Collagen is used to fill relatively superficial defects. More extensive defects are usually filled with substances such as fat, silicone or implants.

Wound dressing

Within wound healing, collagen attracts new skin cells to the wound site, promotes healing and provides a platform for the growth of new tissue. Collagen dressings are therefore used in order to aid the healing of certain types of wound, including:

  • Chronic non-healing wounds
  • Exuding wounds
  • Granulating or necrotic wounds
  • Partial and full-thickness wounds
  • Second-degree burns
  • Sites of skin donation and skin grafts.

It is advised that collagen dressings are not used for third-degree burns, wounds covered in dry eschar or with patients who may be sensitive to bovine products.

Guided tissue regeneration

Collagen-based membranes have been used in periodontal and implant therapy to promote the growth of specific types of cell. In oral surgery, barriers can be used to prevent fast-growing cells of the gingival epithelium migrating to a wound in a tooth, preserving space there for tooth cells to potentially regenerate.

The benefit of using collagen-based membranes for this purpose, in addition to collagen’s healing qualities, is that they can be made to be resorbable (the body breaks down the collagen and assimilates the protein over time). This means that patients do not require a second surgical procedure to have the barrier removed.

Vascular prosthetics

Collagen tissue grafts from donors have been used in peripheral nerve regeneration and vascular prostheses, used in arterial reconstruction. Certain prostheses have been found to be thrombogenic – causing coagulation of the blood – but at the same time, compatible with the body of the host.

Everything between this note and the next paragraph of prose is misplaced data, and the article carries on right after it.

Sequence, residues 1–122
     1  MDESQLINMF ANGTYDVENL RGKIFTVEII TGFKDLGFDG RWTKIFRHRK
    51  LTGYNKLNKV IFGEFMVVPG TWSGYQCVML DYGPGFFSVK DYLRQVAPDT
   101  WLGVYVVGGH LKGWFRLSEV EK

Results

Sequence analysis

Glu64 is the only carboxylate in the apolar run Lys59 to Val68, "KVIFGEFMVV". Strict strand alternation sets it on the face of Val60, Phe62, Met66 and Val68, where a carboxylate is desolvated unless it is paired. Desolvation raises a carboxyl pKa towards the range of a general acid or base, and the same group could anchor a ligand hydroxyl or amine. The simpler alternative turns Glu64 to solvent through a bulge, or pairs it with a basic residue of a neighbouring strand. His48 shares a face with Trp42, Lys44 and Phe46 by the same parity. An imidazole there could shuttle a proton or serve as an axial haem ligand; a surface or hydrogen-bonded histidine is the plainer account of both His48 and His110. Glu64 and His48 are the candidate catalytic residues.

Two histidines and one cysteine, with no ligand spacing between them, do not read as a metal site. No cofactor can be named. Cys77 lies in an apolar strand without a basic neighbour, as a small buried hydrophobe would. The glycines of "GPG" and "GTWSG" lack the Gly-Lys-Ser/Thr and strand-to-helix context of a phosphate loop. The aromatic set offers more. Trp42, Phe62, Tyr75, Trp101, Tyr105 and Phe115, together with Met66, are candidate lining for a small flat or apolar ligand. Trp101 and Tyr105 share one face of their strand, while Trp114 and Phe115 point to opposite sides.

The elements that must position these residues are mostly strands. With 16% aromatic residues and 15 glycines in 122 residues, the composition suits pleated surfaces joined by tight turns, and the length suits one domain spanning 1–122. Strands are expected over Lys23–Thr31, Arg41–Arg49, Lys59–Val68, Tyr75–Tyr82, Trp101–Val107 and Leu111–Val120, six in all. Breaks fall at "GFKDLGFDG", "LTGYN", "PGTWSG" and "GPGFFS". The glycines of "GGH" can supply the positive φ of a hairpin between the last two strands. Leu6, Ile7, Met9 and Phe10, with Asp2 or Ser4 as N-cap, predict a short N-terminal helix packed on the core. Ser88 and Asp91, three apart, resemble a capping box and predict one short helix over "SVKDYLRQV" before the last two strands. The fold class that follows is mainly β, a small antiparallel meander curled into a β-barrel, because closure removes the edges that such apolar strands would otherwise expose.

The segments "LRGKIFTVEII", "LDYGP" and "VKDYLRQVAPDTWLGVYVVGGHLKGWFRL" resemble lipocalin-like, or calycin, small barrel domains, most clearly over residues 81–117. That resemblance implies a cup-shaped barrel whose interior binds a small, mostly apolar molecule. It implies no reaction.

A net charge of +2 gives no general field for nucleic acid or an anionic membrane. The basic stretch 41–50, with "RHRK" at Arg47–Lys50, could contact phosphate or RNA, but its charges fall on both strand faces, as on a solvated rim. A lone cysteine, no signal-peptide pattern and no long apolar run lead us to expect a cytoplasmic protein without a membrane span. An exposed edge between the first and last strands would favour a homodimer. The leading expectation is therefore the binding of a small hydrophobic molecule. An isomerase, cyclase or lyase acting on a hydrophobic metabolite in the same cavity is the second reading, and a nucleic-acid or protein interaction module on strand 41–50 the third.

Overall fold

Treatment of osteoarthritis

Collagen supplements or formulations may be beneficial in the treatment of osteoarthritis. In a number of trials, they have been found to provide some degree of pain reduction. However, in other trials, use of collagen supplements and formulations has not been found to result in any additional benefit.

A 2006 review found that collagen hydrolysate helped to significantly decrease painful symptoms of osteoarthritis while improving joint function. The supplement was well absorbed, led to collagen accumulation in cartilage, and helped to stimulate specialized cells in the joints called chondrocytes to create extracellular matrix.

Skin revitalization

Many products containing collagen, including creams and powders, claim to revitalize the skin. However, despite the marketing of these products as ways to increase the levels of collagen within the body, collagen molecules themselves are too big to be absorbed through the skin.

The benefits of these products, where they exist, are most likely attributable to their moisturizing effects, but they do not strengthen the skin or directly increase collagen concentration in the skin. Such over-the-counter treatments are also not classified as drugs, meaning that there is no requirement for scientific validation of the claims made regarding their efficacy.

Increasing collagen production

The growth of collagen, elastin, and melanin can all be stimulated through laser therapy, involving intense wavelengths of light. This method can be used in the treatment of stretch marks.

Collagen, like all proteins, is made up of amino acids. Of these amino acids, nine are considered essential, i.e. they cannot be synthesized by the body and must be acquired through the diet.

Other nutrients that may support collagen formation include:

  • Proline: found in egg whites, meat, cheese, soy and cabbage
  • Anthocyanidins: found in blackberries, blueberries, cherries and raspberries